posted by unSane at 11:55 AM on December 21, 2006


More fuel for the fire.

And 35-year-old Victor Dario Avila, a cousin of Rivera's wife Clara and his 14-year-old son also named Victor were electrocuted in the pool.
The Daily News reports the pool was wired by a caretaker to keep two pet rotweilers from jumping in. The water was electrified by a metal rod.
The boy was killed when he jumped in to cool off and then his father died trying to save him.

So if you're on part of the voltage gradient from the source of the current to wherever it is discharging to ground you run the risk of electrocution. So, yes, it would be possible. And it has happened.
posted by Floydd at 12:03 PM on December 21, 2006


pastabagel, I think you're being ridiculous. Even if different sections of water had different resistance levels, current would still flow between them just fine.
posted by delmoi at 12:07 PM on December 21, 2006


delmoi, I realize that, I was just thinking out loud, so to speak.

If the different regions, one of which is near a ground, and one of which is near a high voltage source, were separated by the distance of the pool and the pool as filled with various impurties, the current would flow but not always along the same path. Again think lightning within a cloud or between cloud layers.

Furthermore, when you jump in, some of that current will go through you. The question is how much.

My point is that you can't think of the pool as homogenous. It's going to have a charge distribution that changes over time, and there are going to be current and voltage gradients. You have to consider the problem as complex and not assume these things away because you may well assume away the mechanism that makes it possible.
posted by Pastabagel at 12:23 PM on December 21, 2006


Syriana Spoiler warning.

For those who did not see the movie Syriana, this is basically what happened (from memory). Kids are playing in swimming pool all day long. Unknown to anybody, one of the built in lights on the side of the pool (under water) is damaged. Night falls, and the kids are not in the pool except for one who was either a straggler or was pushed in at the last minute (I forget). Since it has gotten dark, the underwater pool lights are turned on, zip bam boom, kid is electrocuted.
posted by JigSawMan at 12:56 PM on December 21, 2006


When I was taking lifeguard training, we often did scenarios - four students would be the guard team, and the rest of the class would be the swimming public. While the guard team was waiting in the changeroom, the instructor would come up with a scenario (ok, paul, about 2 minutes in you're going to have a heart attack... and jenny, when they start giving him CPR I want you to get all hysterical because you're his wife).

One of his most imaginative scenarios: a few minutes after the start, he turned the lights off, so that only the emergency lights were on (indoor pool), and had everyone who was in the water just collapse and float face-down. in other words, we all got electrocuted :). this was to test the guards ability to assess the environment. of the four environmental hazards we are taught to check for - "fire, wire, gas, glass" - this would be "wire", and hopefully the guards would not jump into the pool and start grabbing people. The threat though certainly rare is real enough that guards have to know how to respond to it. also I believe the long poles with scoops on the end are insulated against electricity for this reason.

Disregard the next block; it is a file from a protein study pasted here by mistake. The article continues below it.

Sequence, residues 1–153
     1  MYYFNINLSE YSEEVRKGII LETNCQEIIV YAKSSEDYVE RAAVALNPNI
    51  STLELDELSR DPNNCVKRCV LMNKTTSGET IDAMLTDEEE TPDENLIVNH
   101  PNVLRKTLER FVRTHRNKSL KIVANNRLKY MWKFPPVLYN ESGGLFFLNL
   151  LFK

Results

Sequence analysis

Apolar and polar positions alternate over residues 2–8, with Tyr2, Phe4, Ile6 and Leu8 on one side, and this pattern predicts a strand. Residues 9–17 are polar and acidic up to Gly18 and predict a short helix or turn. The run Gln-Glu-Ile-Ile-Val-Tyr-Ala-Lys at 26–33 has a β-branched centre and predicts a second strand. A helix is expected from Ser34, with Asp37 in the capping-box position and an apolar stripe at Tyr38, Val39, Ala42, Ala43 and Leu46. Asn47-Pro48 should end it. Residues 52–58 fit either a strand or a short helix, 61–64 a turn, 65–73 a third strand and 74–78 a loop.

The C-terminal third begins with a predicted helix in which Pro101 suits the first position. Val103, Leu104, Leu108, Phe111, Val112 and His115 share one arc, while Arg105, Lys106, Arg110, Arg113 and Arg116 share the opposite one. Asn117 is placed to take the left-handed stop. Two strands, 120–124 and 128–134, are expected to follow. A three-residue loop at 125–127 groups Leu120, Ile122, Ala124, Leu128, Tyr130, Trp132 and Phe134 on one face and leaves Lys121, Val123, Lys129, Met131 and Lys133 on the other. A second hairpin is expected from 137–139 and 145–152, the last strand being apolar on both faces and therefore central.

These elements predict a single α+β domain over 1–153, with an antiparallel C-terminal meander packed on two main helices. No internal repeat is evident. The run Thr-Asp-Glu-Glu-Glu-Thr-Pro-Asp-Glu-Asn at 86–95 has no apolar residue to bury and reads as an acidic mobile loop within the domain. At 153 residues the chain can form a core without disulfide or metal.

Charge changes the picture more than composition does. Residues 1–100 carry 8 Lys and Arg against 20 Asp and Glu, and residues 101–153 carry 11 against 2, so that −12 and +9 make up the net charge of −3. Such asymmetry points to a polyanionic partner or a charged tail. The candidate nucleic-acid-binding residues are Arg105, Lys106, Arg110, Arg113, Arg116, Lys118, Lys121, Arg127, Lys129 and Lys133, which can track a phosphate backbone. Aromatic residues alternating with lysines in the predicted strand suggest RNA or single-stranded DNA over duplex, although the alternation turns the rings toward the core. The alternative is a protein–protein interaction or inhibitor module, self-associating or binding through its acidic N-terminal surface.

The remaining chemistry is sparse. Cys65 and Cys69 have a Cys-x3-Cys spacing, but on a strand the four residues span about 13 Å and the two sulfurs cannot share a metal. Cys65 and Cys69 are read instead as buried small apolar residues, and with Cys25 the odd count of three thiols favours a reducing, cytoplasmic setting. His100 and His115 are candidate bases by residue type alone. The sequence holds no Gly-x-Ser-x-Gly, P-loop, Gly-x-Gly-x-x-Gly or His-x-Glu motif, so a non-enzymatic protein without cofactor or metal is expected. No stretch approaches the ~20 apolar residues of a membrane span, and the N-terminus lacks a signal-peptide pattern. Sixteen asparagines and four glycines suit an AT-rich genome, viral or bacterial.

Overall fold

posted by PercussivePaul at 1:20 PM on December 21, 2006


unSane writes "The only way it could kill you would be if your body provided a route to ground for the mains voltage.

"Just floating in a swimming pool, not touching anything, is not going to kill you even if the water is at 110V."


This is wrong. All you need is a voltage gradient across the width of your body. It's how cows get killed by lightning strikes to the ground and it's why you should either stand on one foot or with your feet together if you can't find shelter in a lightning storm.
posted by Mitheral at 1:27 PM on December 21, 2006


A friend's dad died this way, from a faulty underwater light fixture.
I haven't been morbid enough to ask any details.
posted by signal at 1:46 PM on December 21, 2006


The only way it could kill you would be if your body provided a route to ground for the mains voltage.

True, if it was pure water, which isn't a particularly good conductor. (Large installations dealing with heat and current issues use LCW -- low conductivity water -- to cool electronics.)

Water that isn't pure, say, one with chloride ions in it, is a very different story.

If you're floating in a chlorinated pool, you're at ground potential with a very low resistance connection. If just a little bit of salt gets in the water, the pool water is basically a conductor at any reasonable voltage -- and very firmly tied to ground. Thus, you, in the pool, are very firmly tied to ground.